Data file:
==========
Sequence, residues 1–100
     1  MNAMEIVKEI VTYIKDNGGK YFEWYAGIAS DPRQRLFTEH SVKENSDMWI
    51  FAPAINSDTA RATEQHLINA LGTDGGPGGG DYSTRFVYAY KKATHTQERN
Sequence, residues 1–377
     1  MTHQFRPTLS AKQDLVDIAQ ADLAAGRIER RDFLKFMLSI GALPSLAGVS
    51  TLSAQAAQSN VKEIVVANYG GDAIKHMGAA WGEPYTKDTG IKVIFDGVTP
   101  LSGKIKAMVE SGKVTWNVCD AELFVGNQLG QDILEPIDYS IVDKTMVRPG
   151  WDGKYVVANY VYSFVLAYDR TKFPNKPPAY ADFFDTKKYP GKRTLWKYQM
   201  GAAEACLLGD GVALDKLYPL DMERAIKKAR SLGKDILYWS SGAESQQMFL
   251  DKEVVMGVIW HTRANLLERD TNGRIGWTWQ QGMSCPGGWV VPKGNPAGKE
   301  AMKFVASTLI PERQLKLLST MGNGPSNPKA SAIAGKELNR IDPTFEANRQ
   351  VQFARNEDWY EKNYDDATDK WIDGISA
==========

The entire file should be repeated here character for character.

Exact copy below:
Sequence, residues 1–100
     1  MNAMEIVKEI VTYIKDNGGK YFEWYAGIAS DPRQRLFTEH SVKENSDMWI
    51  FAPAINSDTA RATEQHLINA LGTDGGPGGG DYSTRFVYAY KKATHTQERN
Sequence, residues 1–377
     1  MTHQFRPTLS AKQDLVDIAQ ADLAAGRIER RDFLKFMLSI GALPSLAGVS
    51  TLSAQAAQSN VKEIVVANYG GDAIKHMGAA WGEPYTKDTG IKVIFDGVTP
   101  LSGKIKAMVE SGKVTWNVCD AELFVGNQLG QDILEPIDYS IVDKTMVRPG
   151  WDGKYVVANY VYSFVLAYDR TKFPNKPPAY ADFFDTKKYP GKRTLWKYQM
   201  GAAEACLLGD GVALDKLYPL DMERAIKKAR SLGKDILYWS SGAESQQMFL
   251  DKEVVMGVIW HTRANLLERD TNGRIGWTWQ QGMSCPGGWV VPKGNPAGKE
   301  AMKFVASTLI PERQLKLLST MGNGPSNPKA SAIAGKELNR IDPTFEANRQ
   351  VQFARNEDWY EKNYDDATDK WIDGISA